Cover image for The Mensa murders
The Mensa murders
Martin, Lee, 1943-
Personal Author:
Publication Information:
New York : St. Martin's Press, 1990.
Format :


Call Number
Material Type
Home Location
Item Holds
FICTION Adult Fiction Central Closed Stacks

On Order


Author Notes

Lee Martin is the author of the award-winning story collection "The Least You Need to Know" & the recipient of an NEA fellowship among other awards. He is a professor of English at the University of North Texas & the editor of the "American Literary Review". Dutton will publish his first novel, "Just Enough Haughty", in June 2001.

(Bowker Author Biography)

Reviews 2

Booklist Review

Fort Worth policewoman Deb Ralston, beset by her menagerie of kids, pets, and husband, returns in a case involving a serial killer with a profound hatred of smart women--though most of the Mensa members portrayed here seem more like social rejects than intellectual giants. The first two victims are troubled women, both believers in spiritualism, one badly overweight, one obsessed with romantic thoughts directed at the boyfriend of Deb's best pal. As in her earlier works (including Deficit Ending [BKL Mr 1 90]), author Martin scales twin plot hurdles, delivering a seamlessly efficient procedural and continuing to develop the chaos-strewn saga of Ralston's private life. The case wobbles between the boyfriend, the brainy types who meet over Trivial Pursuit once a week, and a practicing medium. Then a third death occurs without a Mensa link. Hovering over the proceedings is a lunatic with a fixation on green dresses and a distracting habit of confessing to every murder committed in the Dallas-Fort Worth area. Deb may have some problems--chief among them, untidy kids of wildly disparate ages and a cranky, unemployed, laundry-ruining helicopter pilot for a hubby--but at least she owns no green dresses. A believable sleuth in a superior series. ~--Peter Robertson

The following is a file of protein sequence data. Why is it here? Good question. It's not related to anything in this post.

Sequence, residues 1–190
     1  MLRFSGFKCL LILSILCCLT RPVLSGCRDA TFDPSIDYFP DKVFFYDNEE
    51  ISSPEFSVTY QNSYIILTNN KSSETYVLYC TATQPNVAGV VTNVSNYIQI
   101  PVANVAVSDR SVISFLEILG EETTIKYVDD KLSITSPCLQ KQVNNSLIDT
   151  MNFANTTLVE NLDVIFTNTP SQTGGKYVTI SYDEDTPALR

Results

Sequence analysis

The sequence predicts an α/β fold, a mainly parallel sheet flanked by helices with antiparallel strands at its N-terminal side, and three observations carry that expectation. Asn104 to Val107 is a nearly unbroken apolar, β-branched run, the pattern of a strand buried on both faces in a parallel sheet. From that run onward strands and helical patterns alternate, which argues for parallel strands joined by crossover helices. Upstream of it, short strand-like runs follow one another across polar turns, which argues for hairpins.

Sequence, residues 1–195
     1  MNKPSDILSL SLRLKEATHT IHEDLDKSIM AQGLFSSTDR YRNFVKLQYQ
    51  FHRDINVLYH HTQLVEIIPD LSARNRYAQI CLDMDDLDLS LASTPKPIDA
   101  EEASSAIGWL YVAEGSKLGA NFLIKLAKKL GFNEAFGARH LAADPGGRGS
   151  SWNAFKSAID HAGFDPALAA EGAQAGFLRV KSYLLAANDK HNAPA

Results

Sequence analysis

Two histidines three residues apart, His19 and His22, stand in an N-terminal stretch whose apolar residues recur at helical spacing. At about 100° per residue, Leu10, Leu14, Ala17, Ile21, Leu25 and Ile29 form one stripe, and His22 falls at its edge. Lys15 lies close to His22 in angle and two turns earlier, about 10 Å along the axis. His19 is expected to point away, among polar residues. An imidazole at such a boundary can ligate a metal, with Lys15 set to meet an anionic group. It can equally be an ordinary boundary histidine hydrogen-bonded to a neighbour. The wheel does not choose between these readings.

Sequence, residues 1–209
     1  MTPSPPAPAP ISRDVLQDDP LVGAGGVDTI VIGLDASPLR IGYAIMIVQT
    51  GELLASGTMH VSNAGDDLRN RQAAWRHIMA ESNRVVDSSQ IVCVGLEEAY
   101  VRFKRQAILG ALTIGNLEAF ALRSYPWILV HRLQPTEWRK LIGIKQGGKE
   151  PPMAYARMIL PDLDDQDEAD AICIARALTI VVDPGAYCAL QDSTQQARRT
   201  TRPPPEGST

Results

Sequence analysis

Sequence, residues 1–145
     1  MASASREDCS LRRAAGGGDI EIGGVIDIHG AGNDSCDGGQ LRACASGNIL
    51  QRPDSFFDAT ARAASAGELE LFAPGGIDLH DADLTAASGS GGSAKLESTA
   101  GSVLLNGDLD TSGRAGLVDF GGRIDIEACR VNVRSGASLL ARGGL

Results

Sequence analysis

Publisher's Weekly Review

Fort Worth police detective Deb Ralston returns to solve a string of murders in this lively procedural. The first fatality, Jane Stevenson, is assumed to have been a victim of her obesity and heart problems, but Deb shows otherwise. Examining the strangled woman's past for possible motives, Deb learns that Jane, a seeming nonentity, had been a member of the Mensa society for people with very high IQs. Believing the killer might murder again, Deb tries to warn other female Mensa members who are living alone. Unfortunately for Corie Meeks, she is too late. In searching Corie's home, Deb finds a photograph of psychiatrist Bradley Graves, who had also known Jane. Corie's infatuation with the handsome doctor raises troubling questions; then the murder of still a third woman, another Mensa member, suggests the murderer may be focusing on the victims' clothing, not their minds. As often happens in actual police work, the real tension does not build up until the grisly denouement, yet Martin's ( Death Warmed Over ) knowledge of police procedure makes this a satisfying, diverting read. (Dec.) (c) Copyright PWxyz, LLC. All rights reserved